Innovative Policy and Tools

CTOD creates innovative TOD implementation mechanisms with on-the-ground partners that can be easily replicated, and potentially supported through policy reform at the local, regional, state and federal levels.

TOAH Fund and Structured Funds

TOAH Fund Tenderloin Housing
CTOD supported the Great Communities Collaborative and the Metropolitan Transportation Commission in the San Francisco Bay Area in the development of the Transit Oriented Affordable Housing (TOAH) Fund. CTOD worked with the Local Initiatives Support Corporation to develop a business plan for the fund that quantified the need for affordable housing preservation and development near transit, evaluated opportunities for such investment in a spatial frame, and described case studies of similar structured funds around the country, such as the Denver TOD Acquisition Fund.

Since then, CTOD has worked with a number of Community Development Financial Institutions and the San Francisco Federal Reserve to describe the greater need for structured funds in support of equitable transit-oriented development, and to aid other regions in considering how to launch a fund of their own.

Typologies and Place Types

Typology Example
CTOD partners introduced the concept of TOD Place Types in The New Transit Town, in order to demonstrate that there is no “one-size-fits-all” solution to TOD. Since then, CTOD has developed new approaches to using the typology concept to help regions understand how TOD implementation varies from station to station across a transit system or single transit corridor. While tailored to the individual needs and circumstances of a given region, the typology tool provides an approachable, easy-to-understand way of sorting and prioritizing the investment of limited resources in different station areas to maximize TOD potential across a system or corridor.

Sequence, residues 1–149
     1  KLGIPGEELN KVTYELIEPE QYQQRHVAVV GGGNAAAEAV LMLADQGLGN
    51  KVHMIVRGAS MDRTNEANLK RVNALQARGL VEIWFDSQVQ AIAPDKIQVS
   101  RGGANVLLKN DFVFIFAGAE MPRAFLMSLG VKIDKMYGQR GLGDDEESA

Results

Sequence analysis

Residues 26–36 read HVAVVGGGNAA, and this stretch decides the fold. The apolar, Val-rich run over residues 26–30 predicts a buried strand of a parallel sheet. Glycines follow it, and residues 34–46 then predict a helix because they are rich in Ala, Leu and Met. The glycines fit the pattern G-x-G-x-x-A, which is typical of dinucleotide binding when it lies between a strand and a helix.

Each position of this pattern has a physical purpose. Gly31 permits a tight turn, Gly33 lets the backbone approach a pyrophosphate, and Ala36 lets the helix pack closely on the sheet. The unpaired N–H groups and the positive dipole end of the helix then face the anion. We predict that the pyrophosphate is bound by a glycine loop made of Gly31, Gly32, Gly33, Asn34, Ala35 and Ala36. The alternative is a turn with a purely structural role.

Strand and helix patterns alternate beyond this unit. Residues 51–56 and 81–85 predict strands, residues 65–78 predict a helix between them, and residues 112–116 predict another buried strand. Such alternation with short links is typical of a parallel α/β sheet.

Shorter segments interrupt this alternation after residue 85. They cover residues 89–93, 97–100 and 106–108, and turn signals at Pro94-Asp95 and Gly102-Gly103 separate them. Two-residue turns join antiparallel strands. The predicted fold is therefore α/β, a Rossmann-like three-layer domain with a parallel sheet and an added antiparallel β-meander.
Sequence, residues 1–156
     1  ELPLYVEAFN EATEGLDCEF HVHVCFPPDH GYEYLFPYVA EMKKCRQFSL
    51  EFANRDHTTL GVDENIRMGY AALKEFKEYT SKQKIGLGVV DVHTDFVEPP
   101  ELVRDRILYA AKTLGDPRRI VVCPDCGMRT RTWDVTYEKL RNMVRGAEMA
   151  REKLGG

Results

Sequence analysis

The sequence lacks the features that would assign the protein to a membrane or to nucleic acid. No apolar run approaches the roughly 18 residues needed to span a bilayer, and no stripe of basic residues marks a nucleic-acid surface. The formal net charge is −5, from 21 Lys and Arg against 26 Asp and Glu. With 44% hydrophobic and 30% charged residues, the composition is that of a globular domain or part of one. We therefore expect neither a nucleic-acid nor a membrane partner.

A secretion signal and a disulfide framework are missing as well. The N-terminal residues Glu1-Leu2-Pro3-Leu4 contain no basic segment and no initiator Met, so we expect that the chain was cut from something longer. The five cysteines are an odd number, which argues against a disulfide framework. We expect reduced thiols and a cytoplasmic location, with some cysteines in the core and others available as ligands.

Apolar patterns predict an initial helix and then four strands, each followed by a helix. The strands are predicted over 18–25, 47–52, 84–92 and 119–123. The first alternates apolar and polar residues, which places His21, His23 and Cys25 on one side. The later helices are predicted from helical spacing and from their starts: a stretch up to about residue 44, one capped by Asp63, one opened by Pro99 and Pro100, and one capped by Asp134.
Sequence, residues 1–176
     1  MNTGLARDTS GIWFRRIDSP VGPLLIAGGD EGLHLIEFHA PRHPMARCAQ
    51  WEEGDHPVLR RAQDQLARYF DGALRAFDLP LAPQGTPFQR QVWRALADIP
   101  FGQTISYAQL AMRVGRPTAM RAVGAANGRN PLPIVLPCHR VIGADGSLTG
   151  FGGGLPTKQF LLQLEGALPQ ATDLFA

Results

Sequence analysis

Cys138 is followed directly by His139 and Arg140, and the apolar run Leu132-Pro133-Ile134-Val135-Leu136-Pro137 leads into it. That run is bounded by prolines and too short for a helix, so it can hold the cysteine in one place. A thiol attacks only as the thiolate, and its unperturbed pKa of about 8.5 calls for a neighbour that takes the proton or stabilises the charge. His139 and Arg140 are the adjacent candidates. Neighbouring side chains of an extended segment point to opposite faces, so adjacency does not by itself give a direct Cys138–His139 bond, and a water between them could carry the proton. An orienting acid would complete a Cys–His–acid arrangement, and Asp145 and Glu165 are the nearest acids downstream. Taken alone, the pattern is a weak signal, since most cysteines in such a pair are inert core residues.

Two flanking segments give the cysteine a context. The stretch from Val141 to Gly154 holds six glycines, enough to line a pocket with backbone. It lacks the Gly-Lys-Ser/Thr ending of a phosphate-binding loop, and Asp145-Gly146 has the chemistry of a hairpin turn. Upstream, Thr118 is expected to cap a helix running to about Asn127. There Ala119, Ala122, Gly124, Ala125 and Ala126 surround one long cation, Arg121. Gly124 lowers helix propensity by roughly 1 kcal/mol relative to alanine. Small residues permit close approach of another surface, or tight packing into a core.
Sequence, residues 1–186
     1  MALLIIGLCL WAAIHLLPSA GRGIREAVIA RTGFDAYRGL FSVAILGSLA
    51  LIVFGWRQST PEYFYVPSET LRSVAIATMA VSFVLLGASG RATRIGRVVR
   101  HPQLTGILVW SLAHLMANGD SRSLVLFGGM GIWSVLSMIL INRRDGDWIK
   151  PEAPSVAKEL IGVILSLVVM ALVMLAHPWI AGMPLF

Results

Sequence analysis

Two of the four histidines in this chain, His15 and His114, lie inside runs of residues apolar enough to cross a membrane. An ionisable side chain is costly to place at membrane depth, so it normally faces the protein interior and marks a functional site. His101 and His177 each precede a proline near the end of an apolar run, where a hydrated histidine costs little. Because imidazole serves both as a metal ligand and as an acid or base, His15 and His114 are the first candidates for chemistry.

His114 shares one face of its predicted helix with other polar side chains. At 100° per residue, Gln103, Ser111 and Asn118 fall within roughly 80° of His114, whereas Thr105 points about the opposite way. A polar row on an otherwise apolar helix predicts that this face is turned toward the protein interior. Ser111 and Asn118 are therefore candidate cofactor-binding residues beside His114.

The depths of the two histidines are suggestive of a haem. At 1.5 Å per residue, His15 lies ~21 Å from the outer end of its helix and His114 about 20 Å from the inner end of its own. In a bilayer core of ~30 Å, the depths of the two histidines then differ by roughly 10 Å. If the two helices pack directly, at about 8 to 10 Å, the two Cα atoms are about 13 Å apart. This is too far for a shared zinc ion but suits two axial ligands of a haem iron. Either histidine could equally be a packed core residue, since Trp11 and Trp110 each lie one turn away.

Policies to Support Mixed-Income TOD

MITOD Action Guide
In 2007, CTOD published two papers making the case for mixed-income transit oriented development: Realzing the Potential, published for the U.S. Department of Housing and Urban Development and the Department of Transportation; and Preserving and Promoting Diverse Transit-Oriented Neighborhoods, published with support from the Ford Foundation. CTOD has worked since then at the local, regional, and national scales to develop a greater understanding of the policies and tools needed to support mixed-income TOD. CTOD has created a web-based tool,, that local planners and stakeholders can use to understand how to plan for and implement mixed-income TOD in their own communities.